Right of Return

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Right of Return

The legal right that an individual has to go back to his/her country. The right of return is guaranteed by the Universal Declaration of Human Rights, but there is debate about what is meant by "country," whether it refers to one's physical place of birth or the state with which one's ethnicity is associated. The right of return remains controversial in many places, notably Israel and the Palestinian territories.
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References in periodicals archive ?
The search takes her into a vast geographic matrix: from her home in Toronto to Abbotsford, BC to interview her dying father, then to the homes of the Soviet Aussiedler community in Germany, on to the sites of the once-good life in Ukraine, then farther along the Trans-Siberian into the interior of Russia, to the western Ural Mountains, the northern gulag, the black soils of Omsk, Siberia, into the heart of Kazakhstan and beyond, always finding still more cousins.
For the period from 1995 to 2002, 43 percent of net migration consisted of Germans, attracted by the generous resettlement package for the aussiedler and the strong German economy.
Indeed, it may be denied that fellow ethnics are really immigrants at all, as was the case with Germany's postwar Aussiedler policy.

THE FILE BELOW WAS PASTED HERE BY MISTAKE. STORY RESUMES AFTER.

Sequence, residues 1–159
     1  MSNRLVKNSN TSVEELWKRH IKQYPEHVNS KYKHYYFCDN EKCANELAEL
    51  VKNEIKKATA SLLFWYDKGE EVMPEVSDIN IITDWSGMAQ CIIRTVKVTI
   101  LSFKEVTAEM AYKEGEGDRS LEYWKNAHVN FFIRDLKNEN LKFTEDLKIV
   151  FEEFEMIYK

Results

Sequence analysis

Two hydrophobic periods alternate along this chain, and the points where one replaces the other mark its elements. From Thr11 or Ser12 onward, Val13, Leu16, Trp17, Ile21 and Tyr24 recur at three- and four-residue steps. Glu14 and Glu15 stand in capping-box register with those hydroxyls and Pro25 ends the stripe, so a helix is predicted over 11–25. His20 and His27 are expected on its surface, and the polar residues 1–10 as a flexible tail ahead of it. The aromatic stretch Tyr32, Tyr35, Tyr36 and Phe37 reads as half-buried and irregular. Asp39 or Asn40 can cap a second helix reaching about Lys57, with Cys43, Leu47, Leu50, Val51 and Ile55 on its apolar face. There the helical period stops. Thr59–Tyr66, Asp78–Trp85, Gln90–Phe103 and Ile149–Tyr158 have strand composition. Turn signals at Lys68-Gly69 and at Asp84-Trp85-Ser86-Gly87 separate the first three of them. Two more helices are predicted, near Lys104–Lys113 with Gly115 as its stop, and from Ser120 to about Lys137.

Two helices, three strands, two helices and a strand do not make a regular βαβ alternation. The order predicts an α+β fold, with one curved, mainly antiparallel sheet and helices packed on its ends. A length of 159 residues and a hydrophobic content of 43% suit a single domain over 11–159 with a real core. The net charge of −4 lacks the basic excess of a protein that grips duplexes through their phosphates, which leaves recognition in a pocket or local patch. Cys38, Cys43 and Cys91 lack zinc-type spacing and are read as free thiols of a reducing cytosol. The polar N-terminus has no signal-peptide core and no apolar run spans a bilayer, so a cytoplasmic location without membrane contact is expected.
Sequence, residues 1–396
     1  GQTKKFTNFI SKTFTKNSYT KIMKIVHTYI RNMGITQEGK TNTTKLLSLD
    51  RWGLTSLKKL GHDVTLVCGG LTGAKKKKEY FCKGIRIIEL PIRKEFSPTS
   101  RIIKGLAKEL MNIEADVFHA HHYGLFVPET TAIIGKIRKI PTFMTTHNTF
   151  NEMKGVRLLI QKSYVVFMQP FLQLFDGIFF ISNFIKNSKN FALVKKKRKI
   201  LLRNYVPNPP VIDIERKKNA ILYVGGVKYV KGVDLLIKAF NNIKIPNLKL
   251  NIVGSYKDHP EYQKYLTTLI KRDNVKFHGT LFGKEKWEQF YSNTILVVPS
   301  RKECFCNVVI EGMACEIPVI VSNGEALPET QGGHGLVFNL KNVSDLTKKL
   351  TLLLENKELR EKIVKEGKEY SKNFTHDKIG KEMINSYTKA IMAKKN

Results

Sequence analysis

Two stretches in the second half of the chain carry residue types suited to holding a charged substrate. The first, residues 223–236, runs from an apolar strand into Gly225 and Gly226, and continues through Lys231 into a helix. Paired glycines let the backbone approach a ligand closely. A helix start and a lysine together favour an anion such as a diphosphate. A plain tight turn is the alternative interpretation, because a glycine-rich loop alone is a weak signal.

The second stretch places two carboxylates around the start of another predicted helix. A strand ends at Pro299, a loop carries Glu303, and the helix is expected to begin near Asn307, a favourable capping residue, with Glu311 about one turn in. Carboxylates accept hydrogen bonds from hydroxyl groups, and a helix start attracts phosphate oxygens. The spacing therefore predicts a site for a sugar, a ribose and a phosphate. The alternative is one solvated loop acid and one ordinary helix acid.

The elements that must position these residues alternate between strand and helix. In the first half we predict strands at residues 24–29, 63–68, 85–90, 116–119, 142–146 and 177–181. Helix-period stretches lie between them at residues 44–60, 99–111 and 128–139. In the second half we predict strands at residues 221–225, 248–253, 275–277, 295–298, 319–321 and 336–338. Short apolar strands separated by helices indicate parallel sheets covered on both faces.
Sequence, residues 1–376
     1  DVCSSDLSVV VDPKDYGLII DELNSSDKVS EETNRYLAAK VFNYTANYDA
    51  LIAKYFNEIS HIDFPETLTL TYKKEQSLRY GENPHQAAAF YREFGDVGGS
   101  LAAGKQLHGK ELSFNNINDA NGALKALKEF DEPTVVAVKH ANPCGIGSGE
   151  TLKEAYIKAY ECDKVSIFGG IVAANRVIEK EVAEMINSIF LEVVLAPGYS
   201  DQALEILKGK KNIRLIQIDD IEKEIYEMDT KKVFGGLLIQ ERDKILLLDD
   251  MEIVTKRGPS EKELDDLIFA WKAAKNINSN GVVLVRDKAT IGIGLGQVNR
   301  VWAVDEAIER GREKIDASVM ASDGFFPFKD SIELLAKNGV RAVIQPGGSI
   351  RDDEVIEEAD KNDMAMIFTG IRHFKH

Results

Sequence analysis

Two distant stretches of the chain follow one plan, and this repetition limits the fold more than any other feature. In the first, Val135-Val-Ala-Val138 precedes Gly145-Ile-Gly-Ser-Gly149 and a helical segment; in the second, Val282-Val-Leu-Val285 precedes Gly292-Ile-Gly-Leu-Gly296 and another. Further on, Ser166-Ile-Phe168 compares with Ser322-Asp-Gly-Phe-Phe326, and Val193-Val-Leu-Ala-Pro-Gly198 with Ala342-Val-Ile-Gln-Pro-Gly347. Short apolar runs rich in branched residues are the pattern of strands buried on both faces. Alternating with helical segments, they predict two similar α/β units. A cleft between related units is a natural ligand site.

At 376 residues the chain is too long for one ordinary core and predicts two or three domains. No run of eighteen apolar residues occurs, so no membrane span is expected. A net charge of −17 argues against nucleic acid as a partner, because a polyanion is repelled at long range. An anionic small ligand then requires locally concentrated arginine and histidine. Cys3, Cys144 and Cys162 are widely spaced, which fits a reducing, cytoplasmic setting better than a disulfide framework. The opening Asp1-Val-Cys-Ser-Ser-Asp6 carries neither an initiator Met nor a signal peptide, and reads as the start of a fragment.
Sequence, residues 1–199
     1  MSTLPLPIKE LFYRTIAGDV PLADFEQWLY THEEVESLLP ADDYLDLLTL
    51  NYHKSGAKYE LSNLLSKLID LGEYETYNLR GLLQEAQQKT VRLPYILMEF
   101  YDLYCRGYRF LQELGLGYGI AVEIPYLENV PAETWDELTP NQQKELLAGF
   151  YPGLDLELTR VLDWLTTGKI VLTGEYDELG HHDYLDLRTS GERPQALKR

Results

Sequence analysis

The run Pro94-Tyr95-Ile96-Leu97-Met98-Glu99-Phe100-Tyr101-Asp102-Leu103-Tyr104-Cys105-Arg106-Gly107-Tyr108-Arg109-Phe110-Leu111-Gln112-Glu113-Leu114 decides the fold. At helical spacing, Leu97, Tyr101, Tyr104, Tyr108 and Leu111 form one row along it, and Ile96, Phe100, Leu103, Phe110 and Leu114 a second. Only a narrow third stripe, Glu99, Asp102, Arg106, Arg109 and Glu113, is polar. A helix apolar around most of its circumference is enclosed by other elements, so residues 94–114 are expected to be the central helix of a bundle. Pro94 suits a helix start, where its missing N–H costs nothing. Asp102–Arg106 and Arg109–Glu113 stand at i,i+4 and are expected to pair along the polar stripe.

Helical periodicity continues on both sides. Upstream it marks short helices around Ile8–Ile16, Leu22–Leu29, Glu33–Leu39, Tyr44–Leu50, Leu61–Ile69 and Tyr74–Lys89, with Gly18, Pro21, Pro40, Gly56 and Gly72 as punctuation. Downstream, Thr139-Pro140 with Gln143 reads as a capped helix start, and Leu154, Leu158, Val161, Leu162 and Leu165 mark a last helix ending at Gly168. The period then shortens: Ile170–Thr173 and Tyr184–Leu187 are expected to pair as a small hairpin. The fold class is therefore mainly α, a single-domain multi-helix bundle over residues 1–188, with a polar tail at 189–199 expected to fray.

Under its Aussiedler policy, for example, Germany gave extensive social support and easy access to citizenship to people whose ancestors had left Germany hundreds of years before and who sometimes spoke no German, while it effectively excluded from citizenship other people who had lived in Germany their entire lives, such as the descendants of Turkish guest workers.
Even without the naturalized Aussiedler naturalization is quite comparable with other OECD countries.
474 Aussiedler being naturalized and two years later, in 1998, when 106,790 other immigrants became German citizens.
The number of Aussiedler officially established in the east through 1998 (assuming equal shares in East and West Berlin) represented 1.
The ethnic German population consists of Vertriebene ("expellees") and Aussiedler ("transferees"), who resided primarily in German settlements in Eastern Europe and the former Soviet Union.
The conservative government which won the elections of 1994 only with the help of the Aussiedler vote, directed the negative attitudes of the population at the asylum seekers.
In the case of Aussiedler and Spaetaussiedler, their entry into the Federal Republic is codified in the 1953 Federal Expellee and Refugee Law as amended in 1993 and is based upon Vertreibungsdruck (expulsion pressure), and their inability reclaim their lands in the former Volga Republic.